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Arch Gen Psychiatry. 2009 Oct;66(10):1081-9. doi: 10.1001/archgenpsychiatry.2009.123.

Incremental benefit and cost of telephone care management and telephone psychotherapy for depression in primary care.

Author information

1
Center for Health Studies, Group Health Cooperative, 1730 Minor Ave, Ste 1600, Seattle, WA 98101-1448, USA. simon.g@ghc.org

Abstract

CONTEXT:

Effectiveness of organized depression care programs is well established, but dissemination will depend on the balance of benefits and costs.

OBJECTIVES:

To estimate the incremental benefit, incremental cost, and net benefit of 2 depression care programs.

DESIGN:

Randomized trial comparing 2 interventions with continued usual care, conducted between November 2000 and June 2004.

SETTING:

Seven primary care clinics of a prepaid health care plan in Washington.

PARTICIPANTS:

Consecutive primary care patients starting antidepressant treatment were invited to a telephone assessment 2 weeks later. Of 634 patients with significant depressive symptoms, 600 consented and were randomized.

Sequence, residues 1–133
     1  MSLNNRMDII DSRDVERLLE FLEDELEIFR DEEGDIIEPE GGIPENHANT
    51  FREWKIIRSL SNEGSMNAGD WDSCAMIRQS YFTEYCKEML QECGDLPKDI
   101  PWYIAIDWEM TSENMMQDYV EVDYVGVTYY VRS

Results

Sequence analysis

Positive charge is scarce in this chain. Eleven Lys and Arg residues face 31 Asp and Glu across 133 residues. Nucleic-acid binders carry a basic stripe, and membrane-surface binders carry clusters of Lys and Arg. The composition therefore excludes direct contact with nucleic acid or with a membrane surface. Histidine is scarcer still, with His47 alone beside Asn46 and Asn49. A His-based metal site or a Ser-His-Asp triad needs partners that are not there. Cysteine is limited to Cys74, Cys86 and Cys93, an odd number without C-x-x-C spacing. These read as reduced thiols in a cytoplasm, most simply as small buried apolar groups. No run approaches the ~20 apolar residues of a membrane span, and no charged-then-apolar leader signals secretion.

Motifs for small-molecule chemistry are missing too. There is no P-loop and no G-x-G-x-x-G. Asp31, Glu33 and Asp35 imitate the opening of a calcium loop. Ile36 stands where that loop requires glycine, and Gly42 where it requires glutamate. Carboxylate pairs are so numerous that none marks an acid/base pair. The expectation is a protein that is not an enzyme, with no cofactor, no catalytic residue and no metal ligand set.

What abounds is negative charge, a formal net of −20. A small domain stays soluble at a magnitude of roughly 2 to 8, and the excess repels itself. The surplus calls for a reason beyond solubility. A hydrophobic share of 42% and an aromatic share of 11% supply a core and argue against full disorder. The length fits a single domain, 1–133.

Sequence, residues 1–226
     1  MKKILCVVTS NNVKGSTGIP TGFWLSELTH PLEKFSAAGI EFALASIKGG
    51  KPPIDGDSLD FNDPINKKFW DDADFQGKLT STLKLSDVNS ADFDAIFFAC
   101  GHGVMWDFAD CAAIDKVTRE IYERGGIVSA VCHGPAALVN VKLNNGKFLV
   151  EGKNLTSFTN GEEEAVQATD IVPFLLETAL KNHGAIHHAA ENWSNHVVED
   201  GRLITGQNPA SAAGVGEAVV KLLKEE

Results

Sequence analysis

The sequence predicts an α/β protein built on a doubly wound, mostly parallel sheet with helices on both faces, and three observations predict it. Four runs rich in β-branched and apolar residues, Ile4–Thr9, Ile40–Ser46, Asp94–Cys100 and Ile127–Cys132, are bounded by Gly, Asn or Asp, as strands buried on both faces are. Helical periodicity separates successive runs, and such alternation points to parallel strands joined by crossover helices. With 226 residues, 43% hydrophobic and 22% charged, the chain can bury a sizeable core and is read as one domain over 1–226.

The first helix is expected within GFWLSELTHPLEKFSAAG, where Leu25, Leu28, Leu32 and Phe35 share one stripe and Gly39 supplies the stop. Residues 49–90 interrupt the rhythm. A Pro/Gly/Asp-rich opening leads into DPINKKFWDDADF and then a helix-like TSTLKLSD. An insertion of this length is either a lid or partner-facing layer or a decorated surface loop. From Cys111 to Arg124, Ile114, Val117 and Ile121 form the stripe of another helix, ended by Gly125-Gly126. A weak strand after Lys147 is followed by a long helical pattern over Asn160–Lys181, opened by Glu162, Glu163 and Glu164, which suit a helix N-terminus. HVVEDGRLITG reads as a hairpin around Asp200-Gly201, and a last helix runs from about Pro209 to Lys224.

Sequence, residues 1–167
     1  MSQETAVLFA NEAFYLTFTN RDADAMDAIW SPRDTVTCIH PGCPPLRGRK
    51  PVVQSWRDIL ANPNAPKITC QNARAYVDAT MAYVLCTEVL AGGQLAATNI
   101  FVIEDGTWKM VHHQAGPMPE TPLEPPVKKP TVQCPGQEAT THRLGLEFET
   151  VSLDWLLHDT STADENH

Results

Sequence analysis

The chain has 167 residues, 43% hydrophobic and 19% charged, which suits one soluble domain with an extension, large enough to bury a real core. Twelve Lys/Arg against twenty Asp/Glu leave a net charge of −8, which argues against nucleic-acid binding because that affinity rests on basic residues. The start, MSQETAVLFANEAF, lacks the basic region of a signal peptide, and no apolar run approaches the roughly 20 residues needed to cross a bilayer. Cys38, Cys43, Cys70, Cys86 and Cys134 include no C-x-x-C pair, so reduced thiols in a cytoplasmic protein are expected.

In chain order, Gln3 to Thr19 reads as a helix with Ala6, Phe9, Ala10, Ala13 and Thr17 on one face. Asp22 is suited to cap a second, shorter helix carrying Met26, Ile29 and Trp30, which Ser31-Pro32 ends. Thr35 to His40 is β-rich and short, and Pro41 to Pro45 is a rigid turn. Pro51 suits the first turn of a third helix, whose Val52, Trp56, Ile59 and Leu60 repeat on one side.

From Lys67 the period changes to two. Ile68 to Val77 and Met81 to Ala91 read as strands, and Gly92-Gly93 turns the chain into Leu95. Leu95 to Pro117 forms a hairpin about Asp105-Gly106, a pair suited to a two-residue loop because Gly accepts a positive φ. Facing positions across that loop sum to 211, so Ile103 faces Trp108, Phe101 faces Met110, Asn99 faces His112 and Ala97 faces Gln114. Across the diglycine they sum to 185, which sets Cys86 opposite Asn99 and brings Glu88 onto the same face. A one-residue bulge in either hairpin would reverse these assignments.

INTERVENTIONS:

The telephone care management intervention included up to 5 outreach calls for monitoring and support, feedback to treating physicians, and care coordination. The care management plus telephone psychotherapy intervention added an 8-session structured cognitive behavioral therapy program with up to 4 additional calls for reinforcement.

MAIN OUTCOME MEASURES:

Independent, blinded telephone assessments at 1, 3, 6, 9, 12, and 18 months included the Symptom Checklist 90 depression scale. Health services costs were measured using health care plan accounting records.

RESULTS:

Over 24 months, telephone care management led to a gain of 29 depression-free days (95% confidence interval, -6 to +63) and a $676 increase in outpatient health care costs (95% confidence interval, $596 lower to $1974 higher). The incremental net benefit was negative even if a day free of depression was valued up to $20. Care management plus psychotherapy led to a gain of 46 depression-free days (95% confidence interval, +12 to +80) and a $397 increase in outpatient costs (95% confidence interval, $882 lower to $1725 higher). The incremental net benefit was positive if a day free of depression was valued at $9 or greater.

CONCLUSION:

Compared with current primary care practice, a structured telephone program including care management and cognitive behavioral psychotherapy has significant clinical benefit with only a modest increase in health services cost.

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